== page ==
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  • Dr Francesca Maclean

EQUITY IS NOT EQUALITY

Updated: Aug 4, 2019

“I don’t want to be treated differently, I just want to be treated equally.”


Years ago, I was defending myself to a male lecturer who was criticising a women’s ‘thing’ at university. I don’t even remember what it was about, but in that moment my survival instincts told me I needed to adopt the ‘cool girl’ persona otherwise I knew the critique I was witnessing would be redirected to me personally, as the only woman around.


When I said that, I was yet to understand the true differences in my experience compared to those of the men around me, and what impact those differences had – and would continue to have – on my experience, wellbeing, and future opportunities.


I didn’t need to just be treated equally. As a young woman in engineering, I needed true equity.


But what is the difference, aren’t they just the same thing?


Simply: no, they are not.


Equality is the state of being equal. Equity is about the quality of being fair.


As Fakequity states, sometimes we need things to be equal, for example, equal speaking time for people in meetings. However, not everyone needs the same thing, because not everyone faces the same cultural and systemic biases.


Sometimes, things don’t need to be equal, sometimes they need to be equitable.


For example, we can’t just provide maths classes to all boys and girls and expect equal uptake in STEM career pathways, because we know girls face many barriers in addition to access to education (gendered socialization, roles, and segregation, sexist depiction in social media and pop culture… and so on). While these barriers continue to exist, we need to focus on achieving equity for gender in STEM.


There are many diagrams that depict this concept, including the thoughtful one below from Cultural Organizing.

Figure 1 - A series of three images. 'Equality', the first image depicts three people trying to watch a baseball game, with a fence that gets progressively higher from left to right. The first person is standing on one box and can see over the fence. The second person is standing on top of one box, however the ground is lower than the first person, so they can only just see over the fence when on their tip-toes. The third person is standing on a box which is on even lower ground, so they cannot see over the fence which is also higher than for the first two people. Instead they have a peep hole to watch the game. 'Equity', the second image, depicts the same three people watching a baseball game, however the second person has two boxes, and the third person has three boxes, so they can all watch the game easily. 'Justice', the third diagram, shows the three people destroying the fence.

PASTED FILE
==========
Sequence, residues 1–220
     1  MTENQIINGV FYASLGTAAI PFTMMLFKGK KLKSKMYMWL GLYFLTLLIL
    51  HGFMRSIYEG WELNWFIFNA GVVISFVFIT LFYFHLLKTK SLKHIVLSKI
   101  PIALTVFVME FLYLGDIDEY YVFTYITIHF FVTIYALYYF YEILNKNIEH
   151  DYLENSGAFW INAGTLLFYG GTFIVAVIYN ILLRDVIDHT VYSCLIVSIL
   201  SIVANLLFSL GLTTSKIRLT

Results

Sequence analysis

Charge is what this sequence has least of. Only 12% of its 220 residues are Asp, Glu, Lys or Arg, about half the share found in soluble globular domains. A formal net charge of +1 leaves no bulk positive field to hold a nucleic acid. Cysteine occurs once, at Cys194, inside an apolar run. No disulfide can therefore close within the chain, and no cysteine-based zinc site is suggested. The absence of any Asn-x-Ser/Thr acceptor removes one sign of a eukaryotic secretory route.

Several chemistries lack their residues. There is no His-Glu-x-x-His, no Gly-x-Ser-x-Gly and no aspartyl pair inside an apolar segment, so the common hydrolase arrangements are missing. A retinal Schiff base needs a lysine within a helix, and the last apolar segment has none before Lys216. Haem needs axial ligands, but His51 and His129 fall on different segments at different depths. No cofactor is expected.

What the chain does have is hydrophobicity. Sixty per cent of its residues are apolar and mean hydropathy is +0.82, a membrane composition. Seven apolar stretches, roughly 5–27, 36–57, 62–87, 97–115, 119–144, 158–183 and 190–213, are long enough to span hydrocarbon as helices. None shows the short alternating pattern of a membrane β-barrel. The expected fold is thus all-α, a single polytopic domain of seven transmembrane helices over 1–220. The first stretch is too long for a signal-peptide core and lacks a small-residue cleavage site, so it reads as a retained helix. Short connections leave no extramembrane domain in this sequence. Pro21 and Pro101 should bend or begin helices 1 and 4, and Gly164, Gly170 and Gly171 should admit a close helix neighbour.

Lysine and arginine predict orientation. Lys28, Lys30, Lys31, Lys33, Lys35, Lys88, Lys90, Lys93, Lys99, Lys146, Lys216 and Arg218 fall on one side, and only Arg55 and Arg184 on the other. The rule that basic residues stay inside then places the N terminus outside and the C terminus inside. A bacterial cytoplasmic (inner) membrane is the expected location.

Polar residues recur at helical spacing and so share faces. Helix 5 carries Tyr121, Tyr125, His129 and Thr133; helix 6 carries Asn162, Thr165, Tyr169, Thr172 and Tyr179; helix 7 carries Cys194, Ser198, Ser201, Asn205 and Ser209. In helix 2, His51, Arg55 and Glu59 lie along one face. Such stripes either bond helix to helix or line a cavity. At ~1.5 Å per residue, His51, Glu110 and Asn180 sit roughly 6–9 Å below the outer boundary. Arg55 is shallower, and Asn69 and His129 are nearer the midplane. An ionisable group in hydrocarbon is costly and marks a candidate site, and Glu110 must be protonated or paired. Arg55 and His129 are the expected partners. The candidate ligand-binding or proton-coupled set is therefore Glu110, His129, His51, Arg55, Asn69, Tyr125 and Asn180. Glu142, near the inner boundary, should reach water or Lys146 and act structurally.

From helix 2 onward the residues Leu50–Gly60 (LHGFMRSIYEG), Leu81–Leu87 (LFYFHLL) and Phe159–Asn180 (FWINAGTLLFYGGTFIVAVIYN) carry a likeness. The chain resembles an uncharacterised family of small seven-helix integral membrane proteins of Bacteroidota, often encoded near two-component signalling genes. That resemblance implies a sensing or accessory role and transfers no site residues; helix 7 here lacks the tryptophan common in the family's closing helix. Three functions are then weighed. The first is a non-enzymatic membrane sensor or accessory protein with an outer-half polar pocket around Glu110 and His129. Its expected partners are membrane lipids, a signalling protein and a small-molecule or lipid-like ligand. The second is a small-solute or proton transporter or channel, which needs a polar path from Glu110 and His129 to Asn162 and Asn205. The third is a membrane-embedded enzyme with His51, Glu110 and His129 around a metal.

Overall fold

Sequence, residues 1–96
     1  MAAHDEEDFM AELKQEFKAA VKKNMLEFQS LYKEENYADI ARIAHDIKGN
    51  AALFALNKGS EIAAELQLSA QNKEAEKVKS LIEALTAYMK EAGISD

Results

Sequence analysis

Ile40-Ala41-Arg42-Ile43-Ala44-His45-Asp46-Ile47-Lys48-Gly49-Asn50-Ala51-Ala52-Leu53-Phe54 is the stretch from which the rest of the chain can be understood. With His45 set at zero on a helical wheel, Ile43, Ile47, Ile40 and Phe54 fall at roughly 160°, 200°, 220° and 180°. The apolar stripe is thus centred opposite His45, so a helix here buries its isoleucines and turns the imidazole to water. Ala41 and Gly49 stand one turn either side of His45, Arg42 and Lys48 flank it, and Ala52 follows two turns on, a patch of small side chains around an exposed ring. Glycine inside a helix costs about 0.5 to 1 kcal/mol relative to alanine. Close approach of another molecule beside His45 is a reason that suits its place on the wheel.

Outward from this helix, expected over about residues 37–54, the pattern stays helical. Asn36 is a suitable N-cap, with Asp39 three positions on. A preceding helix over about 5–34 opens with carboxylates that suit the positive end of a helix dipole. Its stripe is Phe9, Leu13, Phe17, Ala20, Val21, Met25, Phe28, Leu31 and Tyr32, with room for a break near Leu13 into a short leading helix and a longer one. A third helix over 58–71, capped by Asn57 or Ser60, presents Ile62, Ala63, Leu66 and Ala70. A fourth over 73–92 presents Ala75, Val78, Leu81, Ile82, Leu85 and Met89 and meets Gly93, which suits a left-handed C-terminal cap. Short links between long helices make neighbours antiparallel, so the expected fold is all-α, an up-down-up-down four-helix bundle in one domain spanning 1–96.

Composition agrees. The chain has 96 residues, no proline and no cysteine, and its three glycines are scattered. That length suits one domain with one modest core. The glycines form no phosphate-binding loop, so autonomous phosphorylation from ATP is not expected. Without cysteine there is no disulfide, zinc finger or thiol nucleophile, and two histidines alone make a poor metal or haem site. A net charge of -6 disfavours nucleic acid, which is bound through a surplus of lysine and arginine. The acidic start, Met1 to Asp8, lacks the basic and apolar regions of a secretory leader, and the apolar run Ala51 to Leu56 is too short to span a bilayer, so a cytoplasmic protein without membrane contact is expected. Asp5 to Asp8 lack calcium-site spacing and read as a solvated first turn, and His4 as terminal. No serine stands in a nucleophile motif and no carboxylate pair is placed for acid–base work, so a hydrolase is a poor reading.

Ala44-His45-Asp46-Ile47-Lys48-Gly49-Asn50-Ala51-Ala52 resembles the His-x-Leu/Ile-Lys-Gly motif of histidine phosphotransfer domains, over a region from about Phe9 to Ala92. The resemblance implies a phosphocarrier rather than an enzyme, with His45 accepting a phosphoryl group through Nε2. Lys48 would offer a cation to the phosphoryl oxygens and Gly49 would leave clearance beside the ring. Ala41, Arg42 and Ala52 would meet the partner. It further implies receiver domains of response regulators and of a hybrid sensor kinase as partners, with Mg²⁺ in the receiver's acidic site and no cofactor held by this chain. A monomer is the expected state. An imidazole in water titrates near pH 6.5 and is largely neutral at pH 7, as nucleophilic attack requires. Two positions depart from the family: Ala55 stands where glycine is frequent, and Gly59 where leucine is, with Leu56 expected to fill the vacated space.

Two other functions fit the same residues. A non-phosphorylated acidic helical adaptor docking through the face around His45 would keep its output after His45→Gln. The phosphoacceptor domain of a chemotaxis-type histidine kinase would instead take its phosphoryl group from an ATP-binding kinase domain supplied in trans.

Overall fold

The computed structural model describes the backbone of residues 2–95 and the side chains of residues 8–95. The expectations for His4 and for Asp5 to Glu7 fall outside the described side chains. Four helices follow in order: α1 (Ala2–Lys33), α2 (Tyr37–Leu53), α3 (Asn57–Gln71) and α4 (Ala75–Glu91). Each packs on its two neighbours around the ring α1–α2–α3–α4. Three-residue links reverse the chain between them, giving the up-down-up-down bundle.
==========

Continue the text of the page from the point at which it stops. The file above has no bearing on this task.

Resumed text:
Note the ground level and fence height represent systemic barriers, whilst the boxes represent efforts to addresss these barriers. There is a peek-hole in the fence in the left image, which depicts the creative and subversive ways people work around systems to try and achieve despite the barriers. The original equity / equality diagram of different people trying to watch a baseball game over a fence and subsequent modifications have made the rounds on the internet, I particularly love the one that shows the removal of barriers all together - liberation. Interestingly, the premise behind the baseball diagram has been criticised as it assumes the difficulties faced by people are inherent (i.e. height is biological). There is a thoughtful exploration of this positioning in this Fakequity post.


Alternatively, there is the illustration by Matt Kinshella that depicts equality and equity of resources between communities:


Figure 2 - A series of two images. ‘Equality’, the first image, depicts one group of residential buildings, and another group of institutional buildings, with two equally sized pipes delivering community resources to the buildings. ‘Equity’, the second images, depicts one group of residential buildings, and another group of institutional buildings, with four different pipes delivering community resources to the residential buildings, while there is only one pipe to the institutions.

Correctly understanding and introducing the concept of equity into our conversations and approaches will help us understand and better address the complex problem that is gender inequity in STEM.

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